Geraldine has completed year 12. She’s the first in her family to do so, and one of nine students in her small community.
Geraldine completed her senior years at boarding school in Rockhampton, Central Queensland, a few hundred kilometres away from her home town of Woorabinda. She says she was homesick, but determined to finish. And she had a Red Cross mentor supporting her every step of the way.
Red Cross helped Geraldine stay connected to her community and family, and now she’s a role model to her younger siblings.
“The other day me and my little brother was talking. He wants to finish school and he wants to go to uni too. It was really good for him to say that.”
In Woorabinda, any teenager wanting to finish Year 12 needs to attend boarding school. It’s challenging for them to live away from home, but they know education is crucial. It boosts their employment opportunities, builds pride in their community and helps them make connections outside of it.
For Wally, seeing his daughter off to boarding school was emotional, but worth it.
“It was exciting and it was sad, seeing her go away from the house. It was going to be a new experience for myself, and the rest of her family.”
Red Cross Youth Worker Nickeema Williams says she’s seen Geraldine grown in to a confident young woman – a role model for the whole community.
“It does make a difference for them to see strong young leaders stand up and be able to communicate and articulate their opinions and what they want to do in the future.”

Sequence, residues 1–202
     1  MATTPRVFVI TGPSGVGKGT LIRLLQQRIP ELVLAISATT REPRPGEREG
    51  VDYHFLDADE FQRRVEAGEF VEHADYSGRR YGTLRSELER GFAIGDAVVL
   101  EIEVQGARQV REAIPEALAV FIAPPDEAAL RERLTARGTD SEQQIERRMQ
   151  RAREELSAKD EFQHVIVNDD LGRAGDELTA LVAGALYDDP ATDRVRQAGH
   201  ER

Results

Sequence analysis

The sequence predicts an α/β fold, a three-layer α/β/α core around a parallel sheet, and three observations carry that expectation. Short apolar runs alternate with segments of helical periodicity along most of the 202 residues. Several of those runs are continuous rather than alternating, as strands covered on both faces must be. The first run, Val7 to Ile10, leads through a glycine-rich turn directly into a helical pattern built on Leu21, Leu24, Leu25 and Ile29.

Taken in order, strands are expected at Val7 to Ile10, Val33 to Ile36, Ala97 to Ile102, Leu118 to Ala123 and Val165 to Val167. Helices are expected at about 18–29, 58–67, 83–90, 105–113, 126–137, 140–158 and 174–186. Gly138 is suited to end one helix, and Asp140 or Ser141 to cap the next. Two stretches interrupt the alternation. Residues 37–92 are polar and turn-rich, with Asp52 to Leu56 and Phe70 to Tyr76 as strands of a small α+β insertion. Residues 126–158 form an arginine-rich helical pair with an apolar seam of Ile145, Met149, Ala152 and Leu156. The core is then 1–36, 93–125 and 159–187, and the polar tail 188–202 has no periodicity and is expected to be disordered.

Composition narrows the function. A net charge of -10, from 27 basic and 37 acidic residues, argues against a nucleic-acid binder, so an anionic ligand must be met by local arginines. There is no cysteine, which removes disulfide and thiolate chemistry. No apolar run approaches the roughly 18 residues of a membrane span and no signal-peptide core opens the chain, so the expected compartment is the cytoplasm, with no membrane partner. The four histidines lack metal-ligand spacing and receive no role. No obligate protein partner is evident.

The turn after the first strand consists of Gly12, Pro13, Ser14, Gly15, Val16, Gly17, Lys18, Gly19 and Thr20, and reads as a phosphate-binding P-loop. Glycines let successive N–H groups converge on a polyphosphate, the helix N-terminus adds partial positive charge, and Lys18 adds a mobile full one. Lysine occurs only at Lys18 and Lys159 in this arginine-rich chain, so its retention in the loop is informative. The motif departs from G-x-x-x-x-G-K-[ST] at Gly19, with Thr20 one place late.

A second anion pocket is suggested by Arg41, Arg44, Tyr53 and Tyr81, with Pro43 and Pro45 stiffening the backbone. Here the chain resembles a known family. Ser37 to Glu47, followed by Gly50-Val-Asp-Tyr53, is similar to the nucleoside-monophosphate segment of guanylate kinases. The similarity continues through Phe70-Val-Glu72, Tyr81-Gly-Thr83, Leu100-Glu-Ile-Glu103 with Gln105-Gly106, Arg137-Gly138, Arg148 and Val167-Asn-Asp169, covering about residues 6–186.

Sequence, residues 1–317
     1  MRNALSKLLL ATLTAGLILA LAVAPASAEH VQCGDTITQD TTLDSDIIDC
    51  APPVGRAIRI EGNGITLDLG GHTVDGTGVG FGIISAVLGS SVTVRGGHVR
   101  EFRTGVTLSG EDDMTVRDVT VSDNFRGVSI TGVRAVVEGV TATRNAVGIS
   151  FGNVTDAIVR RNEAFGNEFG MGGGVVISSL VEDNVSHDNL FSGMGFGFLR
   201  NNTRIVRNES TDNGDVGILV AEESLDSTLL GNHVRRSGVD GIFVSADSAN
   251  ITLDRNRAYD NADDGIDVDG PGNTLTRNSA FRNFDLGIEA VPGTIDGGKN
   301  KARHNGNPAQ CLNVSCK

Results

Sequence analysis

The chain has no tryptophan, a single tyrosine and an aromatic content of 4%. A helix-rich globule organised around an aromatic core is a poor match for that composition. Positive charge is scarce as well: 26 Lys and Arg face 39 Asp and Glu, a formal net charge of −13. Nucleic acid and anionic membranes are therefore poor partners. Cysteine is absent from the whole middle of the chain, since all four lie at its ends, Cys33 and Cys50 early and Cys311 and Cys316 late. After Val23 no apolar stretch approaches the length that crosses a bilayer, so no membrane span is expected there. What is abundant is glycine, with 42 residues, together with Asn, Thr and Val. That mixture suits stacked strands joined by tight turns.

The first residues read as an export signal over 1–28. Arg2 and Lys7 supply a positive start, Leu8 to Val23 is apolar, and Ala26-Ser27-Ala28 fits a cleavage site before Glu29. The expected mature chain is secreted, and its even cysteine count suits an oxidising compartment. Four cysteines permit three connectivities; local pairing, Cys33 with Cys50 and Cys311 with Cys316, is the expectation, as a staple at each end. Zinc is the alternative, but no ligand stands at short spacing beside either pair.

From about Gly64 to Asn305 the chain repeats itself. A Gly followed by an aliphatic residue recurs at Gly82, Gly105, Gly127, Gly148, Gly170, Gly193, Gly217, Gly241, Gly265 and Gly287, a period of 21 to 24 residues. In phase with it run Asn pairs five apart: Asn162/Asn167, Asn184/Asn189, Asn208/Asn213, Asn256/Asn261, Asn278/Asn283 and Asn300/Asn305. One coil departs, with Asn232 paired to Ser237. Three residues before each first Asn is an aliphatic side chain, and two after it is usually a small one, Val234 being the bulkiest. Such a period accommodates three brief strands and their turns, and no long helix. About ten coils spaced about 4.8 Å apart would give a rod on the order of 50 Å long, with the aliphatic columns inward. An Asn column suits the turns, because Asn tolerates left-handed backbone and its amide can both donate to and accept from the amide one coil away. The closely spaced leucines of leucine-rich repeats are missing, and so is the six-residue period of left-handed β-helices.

And as they explore what that future looks like, Red Cross is there, mentoring the students after they graduate, helping them with job and trainee applications, university enrolments, and getting their driver’s license. We support people like Jobe Adams, who’s in his second and final year of acting in Sydney, and Stanley who’s just started Nursing at Sunshine Coast University.
Situated on the Traditional Lands of the Wadja and Gungulu peoples, Woorabinda means Kangaroo-Sit Down. It was established in the 1920s by the Queensland Government and 52 different tribal groups from Queensland, New South Wales and the Northern Territory were sent there.
The people of Woorabinda have endured dispossessed lands, families torn apart, slave labour, racism and discrimination – trauma that has passed through generations, leading to reduced life expectancy, poor health outcomes, limited education, high unemployment and over-representation in the criminal justice and welfare systems.
But with the pain and suffering, there is resilience, strength and hope.
Geraldine and her friends and peers represent a generation of young leaders. They know the strength of their community and are carving a path for its future.